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Best Places to Retire Abroad

Italy

Find vineyards, snow-capped mountains and gorgeous Adriatic Coast beaches in Le Marche.

Best Places to Retire Abroad (ITALY)

From left: Expats John & Catherine Williams enjoying lunch in their olive grove at home in Senigallia; ravioli from Dal Mago in Morro D'Alba. — Jason Varney

La bella Italia! Its incomparable culture, art, and food; its glittering cities Venice, Rome, and Florence; its ageless mountain villages; its cypresses and cathedrals. Tuscany in the spring!

Problem is, Tuscany is now prohibitively expensive in all seasons. So the solution, say savvy expats, is to settle in an area less publicized and pricey. Just a few years ago Umbria was dubbed "the next Tuscany." Guess what happened?

Right.

So where's the "next Umbria"? We located it one region east: Le Marche (pronounced "lay markay"), bordering the Adriatic, is a lovely land of vineyards, snow-capped mountains, and splendid beaches (which you won't find in Umbria). "Nature lovers will get more pristine beauty for their money in Le Marche than anywhere else in central Italy," writes John Moretti in Living Abroad in Italy. It also prides itself on some of the best fish dishes in the country—and is trendy enough to have snagged Dustin Hoffman as a tourism spokesman. Whereas Le Marche can't match the fabled art treasures of Rome or Florence, the walled city of Urbino boasts Renaissance architecture considered among the most impressive in Italy—minus the crush of tourists.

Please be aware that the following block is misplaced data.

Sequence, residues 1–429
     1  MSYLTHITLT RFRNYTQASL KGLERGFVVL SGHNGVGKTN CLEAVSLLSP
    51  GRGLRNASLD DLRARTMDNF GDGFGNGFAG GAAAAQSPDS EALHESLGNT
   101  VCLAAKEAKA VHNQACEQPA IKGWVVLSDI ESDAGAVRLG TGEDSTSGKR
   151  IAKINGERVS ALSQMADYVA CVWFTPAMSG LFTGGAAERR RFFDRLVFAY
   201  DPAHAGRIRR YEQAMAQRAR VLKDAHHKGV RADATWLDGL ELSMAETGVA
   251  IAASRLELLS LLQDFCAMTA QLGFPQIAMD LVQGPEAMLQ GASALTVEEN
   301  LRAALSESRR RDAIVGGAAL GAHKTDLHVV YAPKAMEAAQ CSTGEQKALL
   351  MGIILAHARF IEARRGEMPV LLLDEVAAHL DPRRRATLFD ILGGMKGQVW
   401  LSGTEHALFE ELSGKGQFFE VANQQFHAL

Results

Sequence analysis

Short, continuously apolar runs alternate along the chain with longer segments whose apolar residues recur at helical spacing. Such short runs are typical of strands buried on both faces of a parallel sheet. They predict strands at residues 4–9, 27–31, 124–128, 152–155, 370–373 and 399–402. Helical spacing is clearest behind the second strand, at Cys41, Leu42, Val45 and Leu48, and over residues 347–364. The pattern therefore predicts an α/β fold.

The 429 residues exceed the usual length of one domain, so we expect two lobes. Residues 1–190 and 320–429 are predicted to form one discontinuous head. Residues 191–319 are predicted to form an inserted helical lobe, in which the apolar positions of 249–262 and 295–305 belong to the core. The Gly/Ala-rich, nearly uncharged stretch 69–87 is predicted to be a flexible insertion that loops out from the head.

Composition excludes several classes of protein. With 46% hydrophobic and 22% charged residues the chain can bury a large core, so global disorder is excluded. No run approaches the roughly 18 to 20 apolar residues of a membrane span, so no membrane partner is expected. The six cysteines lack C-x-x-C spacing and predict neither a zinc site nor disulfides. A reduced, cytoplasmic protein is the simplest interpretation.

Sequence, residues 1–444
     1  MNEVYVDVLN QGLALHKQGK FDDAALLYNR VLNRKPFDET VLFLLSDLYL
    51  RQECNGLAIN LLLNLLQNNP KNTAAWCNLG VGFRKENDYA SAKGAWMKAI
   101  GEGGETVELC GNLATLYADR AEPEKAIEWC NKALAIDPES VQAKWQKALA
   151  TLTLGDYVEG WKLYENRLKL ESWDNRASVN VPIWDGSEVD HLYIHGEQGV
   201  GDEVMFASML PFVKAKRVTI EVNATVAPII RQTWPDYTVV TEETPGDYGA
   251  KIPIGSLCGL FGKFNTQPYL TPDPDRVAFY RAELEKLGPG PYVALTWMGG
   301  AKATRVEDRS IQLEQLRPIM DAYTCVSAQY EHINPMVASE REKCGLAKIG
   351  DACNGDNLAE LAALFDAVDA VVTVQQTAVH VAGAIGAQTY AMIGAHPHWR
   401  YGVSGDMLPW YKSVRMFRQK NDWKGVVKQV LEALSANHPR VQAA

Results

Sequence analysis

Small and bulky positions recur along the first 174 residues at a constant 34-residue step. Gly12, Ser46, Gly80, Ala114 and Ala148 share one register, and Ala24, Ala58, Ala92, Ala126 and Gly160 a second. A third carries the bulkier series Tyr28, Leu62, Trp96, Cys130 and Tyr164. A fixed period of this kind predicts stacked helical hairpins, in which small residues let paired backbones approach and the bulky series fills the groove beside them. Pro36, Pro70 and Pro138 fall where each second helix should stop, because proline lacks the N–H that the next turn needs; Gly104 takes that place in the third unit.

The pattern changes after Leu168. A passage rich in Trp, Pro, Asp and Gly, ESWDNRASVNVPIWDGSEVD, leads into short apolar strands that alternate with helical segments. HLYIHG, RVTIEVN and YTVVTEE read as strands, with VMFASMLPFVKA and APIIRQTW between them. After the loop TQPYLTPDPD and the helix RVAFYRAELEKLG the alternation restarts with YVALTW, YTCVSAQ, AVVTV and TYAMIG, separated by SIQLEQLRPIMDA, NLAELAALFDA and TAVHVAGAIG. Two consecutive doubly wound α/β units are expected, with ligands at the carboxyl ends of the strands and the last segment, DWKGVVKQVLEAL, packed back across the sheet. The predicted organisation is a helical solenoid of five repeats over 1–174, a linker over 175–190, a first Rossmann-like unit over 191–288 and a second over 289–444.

John Williams, 62, a chiropractor from Pennsylvania, moved here 23 years ago and now lives on a three-acre country home in the village of Senigallia, just off the beach, with his wife and two teenage children. There they tend a grove of centuries-old olive trees, from which they make their own oil. "I came intending to visit for six months and stayed," he says. "I wouldn’t think of living anywhere else." Excluding the cost of housing, a minimum annual income of $20,000 is feasible, he reports, though higher incomes are more realistic. "What I like best is having beautiful beaches and mountains within 45 minutes of each other," Williams says. "There’s such a variety of choices, it’s like a permanent vacation."

What to Expect in
Le Marche

Climate

Mostly sunny; summers—warm and dry; winters—cool with some rain.

Expat Community

Relatively few; an international mix.

Cost of Living

A comfortable life can be had on $20,000 to $25,000 a year. Dinner out: $40 for two.

Housing Costs

Depending on location, rentals start at $600 a month in rural villages, $1,500 and up on the coast. Prices of coastal houses begin at $300,000 (inland, half that).

Health Care

Generally good. The top local hospital is in Ancona, the capital of the region, which is within an hour’s drive of all the main towns in Le Marche.

Culture and Leisure

Open-air opera festivals, Renaissance painting and architecture, wine tasting, nature reserves, beachcombing—even skiing (in the Sibillini Mountains).

Access to the U.S.

Fair. Regional flight from Ancona to Milan or Rome, then a transatlantic trek.

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